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Sir Richard Evans: Flamingo Co-Founder Knighted

Richard 'Dicky' Evans, the co-founder of Flamingo Horticulture, has been honoured with a knighthood by King Charles III in recognition of his significant contributions to business, sports, and charitable efforts in both Kenya and the United Kingdom. This prestigious accolade celebrates Evans' enduring commitment to these sectors over many years.

Evans' journey began after completing his engineering degree at King's College, London. His early career involved teaching local engineers in Uganda to construct UN-funded clean water systems. However, following the 1971 coup d'état by Idi Amin, Evans had to leave Uganda and subsequently arrived in Kenya.

There, he applied his expertise in water irrigation to enhance the quality of fruit, vegetable, and flower cultivation, eventually founding Homegrown in 1982. This venture initially supplied Covent Garden Market with fine beans and strawberries and later expanded to include a wide range of specialty vegetables and flowers.

In 1994, alongside Martin Hudson, Evans established Flamingo Horticulture. The company has since grown and evolved, maintaining its family-like atmosphere despite its significant scale. Evans, proud of this achievement, continues to keep a close eye on the company's progress, regularly communicating with Hudson.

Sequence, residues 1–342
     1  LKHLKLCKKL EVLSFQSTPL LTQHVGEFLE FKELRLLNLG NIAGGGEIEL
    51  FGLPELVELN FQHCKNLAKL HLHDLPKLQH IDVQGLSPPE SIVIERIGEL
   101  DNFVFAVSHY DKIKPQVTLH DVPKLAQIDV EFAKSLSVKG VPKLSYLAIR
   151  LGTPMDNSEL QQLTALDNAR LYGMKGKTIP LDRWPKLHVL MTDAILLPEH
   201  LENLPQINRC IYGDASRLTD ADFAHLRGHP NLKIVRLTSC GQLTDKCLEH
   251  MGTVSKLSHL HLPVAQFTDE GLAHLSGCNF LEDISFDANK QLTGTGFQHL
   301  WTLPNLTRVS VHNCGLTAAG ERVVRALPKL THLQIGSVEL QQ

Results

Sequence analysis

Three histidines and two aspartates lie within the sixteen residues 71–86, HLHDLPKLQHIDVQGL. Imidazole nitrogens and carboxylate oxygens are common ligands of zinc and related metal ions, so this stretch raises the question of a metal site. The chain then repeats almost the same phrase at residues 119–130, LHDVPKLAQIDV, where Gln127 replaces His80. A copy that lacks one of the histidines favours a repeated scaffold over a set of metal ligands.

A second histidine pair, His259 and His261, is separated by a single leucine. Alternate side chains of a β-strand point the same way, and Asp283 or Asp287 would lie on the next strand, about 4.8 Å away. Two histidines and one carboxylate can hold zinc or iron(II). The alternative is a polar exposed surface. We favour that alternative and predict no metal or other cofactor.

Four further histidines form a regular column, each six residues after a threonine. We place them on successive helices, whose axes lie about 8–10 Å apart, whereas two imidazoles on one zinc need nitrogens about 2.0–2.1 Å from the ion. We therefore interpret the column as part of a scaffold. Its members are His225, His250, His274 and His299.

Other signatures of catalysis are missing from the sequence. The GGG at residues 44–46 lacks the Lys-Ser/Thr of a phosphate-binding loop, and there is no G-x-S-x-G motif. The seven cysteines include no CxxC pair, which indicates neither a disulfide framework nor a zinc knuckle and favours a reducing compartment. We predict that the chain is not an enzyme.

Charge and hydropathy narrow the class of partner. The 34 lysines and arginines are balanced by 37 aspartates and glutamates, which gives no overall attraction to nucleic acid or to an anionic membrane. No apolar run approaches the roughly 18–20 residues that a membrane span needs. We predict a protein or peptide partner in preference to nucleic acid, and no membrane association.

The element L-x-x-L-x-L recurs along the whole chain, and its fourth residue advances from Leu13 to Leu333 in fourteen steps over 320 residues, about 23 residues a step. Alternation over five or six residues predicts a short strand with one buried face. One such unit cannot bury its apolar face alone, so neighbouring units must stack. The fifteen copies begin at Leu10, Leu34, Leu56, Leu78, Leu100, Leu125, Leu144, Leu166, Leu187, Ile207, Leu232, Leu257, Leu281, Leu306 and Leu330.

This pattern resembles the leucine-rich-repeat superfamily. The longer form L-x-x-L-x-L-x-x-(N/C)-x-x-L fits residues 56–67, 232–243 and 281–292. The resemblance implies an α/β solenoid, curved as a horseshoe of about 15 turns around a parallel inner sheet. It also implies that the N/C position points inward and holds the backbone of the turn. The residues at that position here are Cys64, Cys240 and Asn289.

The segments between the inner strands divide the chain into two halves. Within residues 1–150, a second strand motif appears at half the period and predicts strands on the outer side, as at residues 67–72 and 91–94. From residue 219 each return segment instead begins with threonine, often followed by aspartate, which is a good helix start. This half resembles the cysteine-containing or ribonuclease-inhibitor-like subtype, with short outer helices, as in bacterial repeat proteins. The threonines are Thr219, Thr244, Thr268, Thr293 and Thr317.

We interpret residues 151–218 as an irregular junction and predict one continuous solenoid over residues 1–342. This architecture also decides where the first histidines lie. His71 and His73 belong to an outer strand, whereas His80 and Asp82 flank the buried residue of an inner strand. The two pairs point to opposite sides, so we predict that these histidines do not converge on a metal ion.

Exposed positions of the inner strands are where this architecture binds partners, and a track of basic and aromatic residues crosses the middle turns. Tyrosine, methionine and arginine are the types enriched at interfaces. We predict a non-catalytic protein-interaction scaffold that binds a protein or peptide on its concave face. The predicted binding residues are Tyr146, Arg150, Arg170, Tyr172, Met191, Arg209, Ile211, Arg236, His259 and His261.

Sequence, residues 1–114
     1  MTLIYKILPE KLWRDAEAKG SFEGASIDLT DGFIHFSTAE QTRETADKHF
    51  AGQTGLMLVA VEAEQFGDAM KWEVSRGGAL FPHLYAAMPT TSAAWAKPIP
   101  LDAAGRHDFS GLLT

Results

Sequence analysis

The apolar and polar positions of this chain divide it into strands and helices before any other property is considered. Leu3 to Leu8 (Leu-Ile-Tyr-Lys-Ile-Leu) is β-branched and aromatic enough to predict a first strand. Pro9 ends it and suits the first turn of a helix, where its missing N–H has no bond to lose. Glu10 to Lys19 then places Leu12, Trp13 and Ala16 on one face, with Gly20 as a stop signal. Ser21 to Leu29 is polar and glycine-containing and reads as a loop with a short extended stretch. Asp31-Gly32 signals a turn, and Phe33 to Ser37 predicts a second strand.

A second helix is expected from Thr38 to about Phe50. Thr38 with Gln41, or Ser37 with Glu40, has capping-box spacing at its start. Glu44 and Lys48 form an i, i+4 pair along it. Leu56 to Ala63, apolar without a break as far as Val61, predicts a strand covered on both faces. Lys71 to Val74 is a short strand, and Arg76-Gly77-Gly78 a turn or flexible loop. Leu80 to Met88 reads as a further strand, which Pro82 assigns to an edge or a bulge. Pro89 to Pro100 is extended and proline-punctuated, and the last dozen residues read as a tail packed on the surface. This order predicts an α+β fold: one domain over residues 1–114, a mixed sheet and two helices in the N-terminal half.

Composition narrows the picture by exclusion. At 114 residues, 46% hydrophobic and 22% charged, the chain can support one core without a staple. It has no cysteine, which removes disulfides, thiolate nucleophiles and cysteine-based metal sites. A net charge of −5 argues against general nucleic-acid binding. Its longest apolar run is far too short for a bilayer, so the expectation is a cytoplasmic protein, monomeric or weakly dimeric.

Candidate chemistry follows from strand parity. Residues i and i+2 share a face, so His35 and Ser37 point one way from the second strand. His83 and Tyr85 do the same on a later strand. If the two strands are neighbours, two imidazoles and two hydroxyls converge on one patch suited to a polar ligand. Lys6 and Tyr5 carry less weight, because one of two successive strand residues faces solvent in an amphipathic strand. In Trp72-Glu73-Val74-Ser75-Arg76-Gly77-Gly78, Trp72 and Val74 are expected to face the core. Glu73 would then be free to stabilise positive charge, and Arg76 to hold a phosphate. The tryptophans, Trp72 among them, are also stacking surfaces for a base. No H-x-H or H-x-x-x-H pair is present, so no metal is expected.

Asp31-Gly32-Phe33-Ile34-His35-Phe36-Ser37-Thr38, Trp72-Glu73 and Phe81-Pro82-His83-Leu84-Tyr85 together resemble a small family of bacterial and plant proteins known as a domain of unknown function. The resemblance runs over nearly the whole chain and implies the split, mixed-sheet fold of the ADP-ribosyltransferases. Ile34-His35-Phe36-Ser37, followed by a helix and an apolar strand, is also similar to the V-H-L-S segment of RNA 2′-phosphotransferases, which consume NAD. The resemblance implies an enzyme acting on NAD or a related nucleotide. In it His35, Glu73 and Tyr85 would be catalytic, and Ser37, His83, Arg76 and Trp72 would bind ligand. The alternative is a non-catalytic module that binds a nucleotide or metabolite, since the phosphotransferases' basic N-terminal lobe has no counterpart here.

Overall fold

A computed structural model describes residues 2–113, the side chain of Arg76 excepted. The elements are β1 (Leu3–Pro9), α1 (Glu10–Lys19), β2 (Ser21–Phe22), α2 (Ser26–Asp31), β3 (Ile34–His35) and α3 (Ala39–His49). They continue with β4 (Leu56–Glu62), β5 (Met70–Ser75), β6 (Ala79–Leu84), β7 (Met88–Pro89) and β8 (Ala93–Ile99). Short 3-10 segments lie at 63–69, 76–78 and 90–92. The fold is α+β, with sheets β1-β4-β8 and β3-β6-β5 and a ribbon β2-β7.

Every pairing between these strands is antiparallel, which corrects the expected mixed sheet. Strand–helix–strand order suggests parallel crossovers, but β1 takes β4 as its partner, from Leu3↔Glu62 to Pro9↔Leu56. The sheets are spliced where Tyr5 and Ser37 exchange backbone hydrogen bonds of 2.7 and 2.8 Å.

Evans' impact on Kenya's economy has been profound, notably improving the country's balance of payments and creating numerous job opportunities. His influence was such that in 1992, he was appointed chairman of the Export Promotion Council by then Kenyan President Daniel arap Moi. In 1996, Evans was awarded the Order of the Grand Warrior (OGW) by Kenya for his services to agribusiness.

In 2007, Evans sold his interests in Flamingo Horticulture to James Finlays Ltd for succession reasons. He then focused on the Hemingways Collection, a group of luxury hotels and travel businesses, where he remains chairman. His son, Ross Evans, now leads the business as CEO.

Evans' passion for rugby has been a significant part of his life. He played for various teams, including Mounts Bay Colts, Penzance & Newlyn Rugby Football Club, Kings College university team, and Rosslyn Park in London. In Africa, he captained Kenya's international side and a combined East Africa team. His financial support was crucial in the rise of Penzance & Newlyn RFC, now known as The Cornish Pirates, to become a top English rugby team.

Diagnosed with Parkinson's disease in 2010, Evans handed over executive responsibilities for Hemingways to his son in 2021. He was also honoured as a Cornish Bard in 2013 for his contributions to Cornish sport, culture, and heritage.

Evans' philanthropic efforts, often kept private, include funding schools, medical treatments, and supporting disabled or orphaned children in he UK and Kenya. During the Covid pandemic, he protectetd his staff at Hemingways from redundancy, despite the absence of a furlough scheme in Kenya.

This knighthood is a fitting tribute to Evans' remarkable career and his extensive industry contributions to both Kenya and the UK.


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